LUMUMBA

A Valuable Lesson

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Language        
Violence        
Sex        
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Release Date: June 22, 2001

Starring: Eriq Ebouaney, Alex Dscas & Theophile Moussa Sowie

Genre: Historical Drama

Audience: Adults

Rating: Not Rated

Runtime: 115 minutes

Distributor: Zeitgeist Films Ltd.

Director: Raoul Peck

Executive Producer: Jacques Bidou

Producer:

Writer: Raoul Peck & Pascal Bonitzer

Address Comments To:

Zeitgeist Films
247 Centre Street, 2d Floor
New York City, NY 10013
Phone: (212) 274-1989
Fax: (212) 274-1644
Website: www.zeitgeistfilm.com
Email: mail@zeitgeistfilm.com

Content:

(Pa, AP, L, VVV, N, A, M) Pagan worldview condoning or including rebellion & treason by national leaders as well as totalitarian rhetoric & some anti-Americanism; no foul language; strong, sometimes excessive violence such as a lynching; murder, attempted murder & implied rape by drunken and/or angry soldiers, sadistic beating by prison guards, explicit firing squad executions, bloody dead bodies, & vile hacking & sawing of dead men with associated sounds; implied rape; naturalistic nudity; use of alcohol; no smoking; and, burning of human remains with a cold “well, that’s that” or something to that effect when finished, envy & vengeance.

Summary:

LUMUMBA tells the story of the 1960s African political leader, Patrice Lumumba, who helped the Congo gain a short-lived independence from Belgium. Containing some extreme violence, LUMUMBA portrays the tragic failure of godless men trying to establish and indigenous government in a politically volatile region divided by centuries of tribalism.

Review:

The historical drama LUMUMBA is an independent Haitian film directed by Raoul Peck. It was adapted from a 1991 documentary, also directed by Peck, entitled LUMUMBA, DEATH OF A PROPHET. A testimony to the fallen state of mankind, it portrays the tragic failure of godless men trying to establish an indigenous government in a politically volatile Congo as it gained independence from Belgium in 1960. It should remind the audience to be grateful for the example set by the founding fathers of the United States as they established a new nation. In contrast to the leaders of Congo, they were united by a common Christian worldview and their trustworthy characters were forged out of a reverence for God.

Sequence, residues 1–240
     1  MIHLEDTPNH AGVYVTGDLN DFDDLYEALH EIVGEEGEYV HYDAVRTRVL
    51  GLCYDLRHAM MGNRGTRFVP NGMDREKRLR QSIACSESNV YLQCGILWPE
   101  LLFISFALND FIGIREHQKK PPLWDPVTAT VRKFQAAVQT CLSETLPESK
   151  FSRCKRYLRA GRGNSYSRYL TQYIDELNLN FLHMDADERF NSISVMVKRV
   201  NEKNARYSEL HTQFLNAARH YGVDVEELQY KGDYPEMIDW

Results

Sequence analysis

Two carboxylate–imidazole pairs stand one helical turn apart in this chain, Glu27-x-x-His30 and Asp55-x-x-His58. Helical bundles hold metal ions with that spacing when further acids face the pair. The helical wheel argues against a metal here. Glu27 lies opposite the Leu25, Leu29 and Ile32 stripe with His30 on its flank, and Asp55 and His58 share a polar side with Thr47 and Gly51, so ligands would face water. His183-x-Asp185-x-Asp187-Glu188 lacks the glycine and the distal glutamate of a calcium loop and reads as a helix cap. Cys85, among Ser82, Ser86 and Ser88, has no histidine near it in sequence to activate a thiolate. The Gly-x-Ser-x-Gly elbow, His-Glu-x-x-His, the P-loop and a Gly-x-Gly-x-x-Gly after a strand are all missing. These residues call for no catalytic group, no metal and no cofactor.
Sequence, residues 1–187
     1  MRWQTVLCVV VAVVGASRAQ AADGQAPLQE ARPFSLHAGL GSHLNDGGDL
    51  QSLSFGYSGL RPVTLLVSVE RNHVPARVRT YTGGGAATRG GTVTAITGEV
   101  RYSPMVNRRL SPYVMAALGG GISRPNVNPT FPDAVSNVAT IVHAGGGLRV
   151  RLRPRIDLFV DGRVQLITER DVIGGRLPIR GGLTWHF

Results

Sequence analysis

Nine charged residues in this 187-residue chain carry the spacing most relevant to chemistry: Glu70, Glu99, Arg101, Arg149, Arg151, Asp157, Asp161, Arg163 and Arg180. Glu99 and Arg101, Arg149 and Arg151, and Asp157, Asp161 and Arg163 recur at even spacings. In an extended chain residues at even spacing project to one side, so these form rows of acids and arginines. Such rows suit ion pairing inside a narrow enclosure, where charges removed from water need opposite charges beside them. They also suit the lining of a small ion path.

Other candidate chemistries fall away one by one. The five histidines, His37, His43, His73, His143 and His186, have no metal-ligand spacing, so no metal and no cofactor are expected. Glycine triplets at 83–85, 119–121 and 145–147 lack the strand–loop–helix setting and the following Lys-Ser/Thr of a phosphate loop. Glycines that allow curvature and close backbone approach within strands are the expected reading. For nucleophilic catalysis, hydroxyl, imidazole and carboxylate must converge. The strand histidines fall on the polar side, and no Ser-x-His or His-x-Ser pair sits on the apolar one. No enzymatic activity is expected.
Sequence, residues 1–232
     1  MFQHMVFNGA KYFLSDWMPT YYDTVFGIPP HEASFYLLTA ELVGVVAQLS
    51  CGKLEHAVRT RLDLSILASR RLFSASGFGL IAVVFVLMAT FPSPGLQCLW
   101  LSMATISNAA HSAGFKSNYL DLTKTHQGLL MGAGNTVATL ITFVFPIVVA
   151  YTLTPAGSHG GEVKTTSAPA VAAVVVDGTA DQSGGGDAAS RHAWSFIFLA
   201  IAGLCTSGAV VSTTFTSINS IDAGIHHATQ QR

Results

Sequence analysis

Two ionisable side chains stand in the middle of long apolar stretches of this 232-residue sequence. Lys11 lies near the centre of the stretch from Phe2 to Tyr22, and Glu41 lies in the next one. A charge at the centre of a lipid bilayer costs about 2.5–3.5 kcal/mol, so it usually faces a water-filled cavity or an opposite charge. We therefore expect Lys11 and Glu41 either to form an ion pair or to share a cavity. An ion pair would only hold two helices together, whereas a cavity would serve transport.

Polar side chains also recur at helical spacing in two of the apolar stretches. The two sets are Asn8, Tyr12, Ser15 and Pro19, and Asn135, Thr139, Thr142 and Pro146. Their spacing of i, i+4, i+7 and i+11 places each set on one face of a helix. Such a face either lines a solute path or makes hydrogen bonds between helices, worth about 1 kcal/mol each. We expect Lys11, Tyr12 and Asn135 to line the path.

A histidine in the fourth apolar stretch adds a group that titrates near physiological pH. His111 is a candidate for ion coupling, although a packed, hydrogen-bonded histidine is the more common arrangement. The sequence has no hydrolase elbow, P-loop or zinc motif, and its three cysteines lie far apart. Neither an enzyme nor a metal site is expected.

It may be argued that white Europeans did their best to ensure that the democratic independence granted Congo in 1960 was short-lived, but the movie seems to indicate that it wasn’t just the oppressive Europeans that deserve blame. Sharing the blame were dozens of rival tribal leaders from within Congo’s diverse native society who were unprepared, politically naive, vengeful, envious, lacked unity, and lacked character.

LUMUMBA is may be many people's only exposure to Congo’s history. There is no doubt that its history has been tumultuous. The title sequence makes this clear with authentic-looking photographs of Congo Africans being abused and killed by their European conquerors – as if they were animals. By the time the little slice of Congo’s history that the movie LUMUMBA presents is over, many people will want to find out more of the specifics – which is something any good historical drama should inspire.

The story begins with three unidentified bodies being transported under cover of night. They are then pulled from the back of a truck, hacked to pieces and finally cremated. Due to the subject matter of the movie, it was easy to guess that these were the bodies of the Congo’s Prime Minister Patrice Lumumba and his compatriots, central characters of this story. Although it’s dark and the audience never actually sees the gore, the effect is just as powerful – very gross…very violent. The movie attempts, from that point, to historically explain this morbid scene. The voice of the title’s character proceeds to tell the story of a big dream gone awry.

It seems that Lumumba began his politicking while he was out hawking beer as a salesman for one of two top breweries in Congo. During his routes, he publicly rallies the native-African citizens of Congo, demanding that Belgium immediately give them their independence. He is jailed and beaten for his agitation. Then, some years later, he is unexpectedly summoned from prison and, sitting with representatives of the 20-some different Congo tribes, demanding that Belgium’s King Leopold III turn the helm of Congo’s government over to them. The king relents and independence is won.

However, the new Congo government may as well have been stillborn. In the movie, Congo’s tribes seemed to lack the unity necessary to maintain any semblance of stability. The only thing these tribes did appear to have in common was that they all wanted independence in their little corner on the continent of Africa. So when the new government began, the foundation was fragmented by ancient tribal rivalries set aside just long enough to oust the Belgians.

Joseph Kasa Vubu wins the presidency by a national election. Moise Tshombe, the leader of the richest, and thus politically best-connected province, Katanga, is envious of the subsequent appointment of Patrice Lumumba as Prime Minister. Tshombe thinks that, since his beer company was bigger than the company which employed Lumumba, he should be Prime Minister. Insulted, Tshombe pledges that Katanga will not cooperate with the new government. He appears several times again as Katanga itself declares independence from the Congo. Then, he does not allow the Congo president and his staff to land in his province. In the end, he lends his hand to finally destroy the leaders of the short-lived government – with Lumumba serving only two months.